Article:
Tuesday, August 29, 2017

How NOT to Fall*

*...off the cliff, while hanging on by the fingernails

This blog post appeared a few months back, but I find it one to bookmark and return to.





The gist of it is that feedback on one’s work, while essential and helpful, is not to be treated as sacred and infallible.  I would say it even more strongly: it is, like we all are, biased and fallible.


What is left for creatives is to discern what helps them, and what is unhelpful or worse, i.e. toxic.
This is just as hard a process as the initial making something out of nothing, be it writing, painting, or composing. Just as hard, and much less enjoyable.


But discernment on how to use feedback is indispensable.


Early on, I took every single point to heart. Then I learned what worked for me. Here is the way I go about this stage—


A.    Feedback received, read, and with tears blurring my eyes  I type a Thank You  note.  I’m grateful for the time and thought they gave. This is not a fully digested reaction to the content.

B.     Letting the feedback rest for a time.


C.     Marking the points that make perfect sense with an exclamation. This part is actually enjoyable, not only because every fix is a clear improvement. What makes sense also makes me feel this reader understood my work. Then I make the suggested changes one by one. By now I feel I’m working, and things are looking up.

D.    Mark the points that maybe possibly sort of make sense to me with a question mark, to be addressed later.


E.     Mark the points that seem completely off with a red dot. I will return to them only after I digested all the rest, and have gotten more feedback from another beta reader.

F.      Keep the feedback as a printed or word file, because someday it will either resonate fully or be the funniest thing I ever read. But when fresh it’s not funny. 




I go through more or less all the above with all feedback. I continue to seek it. I do my best to give helpful feedback. It’s part of the writing life, and in a way, part of life, period.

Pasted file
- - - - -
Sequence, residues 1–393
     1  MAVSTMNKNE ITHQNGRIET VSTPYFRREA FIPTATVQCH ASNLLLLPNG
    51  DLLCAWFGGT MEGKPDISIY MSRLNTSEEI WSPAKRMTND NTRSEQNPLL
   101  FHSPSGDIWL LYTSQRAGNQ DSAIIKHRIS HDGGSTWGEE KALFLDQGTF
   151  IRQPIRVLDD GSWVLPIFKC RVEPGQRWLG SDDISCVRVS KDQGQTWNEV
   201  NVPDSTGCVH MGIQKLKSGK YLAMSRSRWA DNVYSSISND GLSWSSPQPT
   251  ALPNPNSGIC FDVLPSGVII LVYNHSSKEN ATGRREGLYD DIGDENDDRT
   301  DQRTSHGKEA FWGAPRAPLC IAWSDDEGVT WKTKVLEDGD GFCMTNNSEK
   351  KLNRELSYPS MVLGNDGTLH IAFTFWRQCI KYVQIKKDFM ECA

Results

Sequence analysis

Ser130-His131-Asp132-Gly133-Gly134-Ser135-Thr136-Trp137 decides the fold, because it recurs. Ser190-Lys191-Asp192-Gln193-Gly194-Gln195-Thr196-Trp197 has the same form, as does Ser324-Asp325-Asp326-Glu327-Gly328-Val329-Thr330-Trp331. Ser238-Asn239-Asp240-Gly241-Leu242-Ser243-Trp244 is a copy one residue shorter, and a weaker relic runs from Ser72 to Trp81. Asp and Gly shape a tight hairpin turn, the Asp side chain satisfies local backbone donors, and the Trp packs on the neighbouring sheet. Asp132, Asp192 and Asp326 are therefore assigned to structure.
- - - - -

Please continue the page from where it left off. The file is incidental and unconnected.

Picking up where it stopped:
14 comments:

  1. You have a good approach.

    Love,
    Janie

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    1. Thanks, Janie. Any approach that benefits the work and doesn't diminish the worker is a good one.

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  2. You have an excellent attitude and what sounds like a very workable approach. Thanks for sharing.

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    1. From my No.#1 Beta! I never worry about toxicity with you.

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  3. Great post. I'm in a really large critique group at the moment and it's interesting how often half of the readers will delete the same sentence others say they love.

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    1. Oh, tell me about it. It's particularly noticeable when editors' feedback collide.

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  4. So true. Feedback can be exciting because you can see that it's helping you figure out what you couldn't, or debilitating. It's good to learn this. Thanks.

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    1. The point to remember is that you are the author. Same for giving feedback-- Then, the writing isn't yours and you are just one reader wanting to help.

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  5. The first few times as a newbie, I cried. I have come to accept all feedback as reactions and opinions my varied readers might also have. It helps me to focus on the particular readers I am trying to reach. Sometimes I am just plain stubborn and tell myself, "Too bad. I like it and I am going with this!"
    Trine

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    1. Very natural and understandable first reaction. That's where I find that letting it sit a while is constructive.

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  6. Yeah, it took me a long time to develop thick skin about critiques. Most people mean well, even when their remarks are way off the mark because they don't understand the genre.

    I'm so grateful for my critique group, which I trust completely.

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    1. You hit the nail on the head, Barbara. *Trust* is a very important part of successful use of feedback.

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  7. Giving feedback time to settle in your mind is definitely key. Not all feedback is worth taking, but sometimes something that seemed crazy at first winds up making a lot of sense after I've given myself time to think it over.

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    1. So true, Kelly. I have gone back to points I had marked with a red dot (as "no!") and made changes based on them many months after I got them. They "settled" and then made good sense.
      But not always, and not all.

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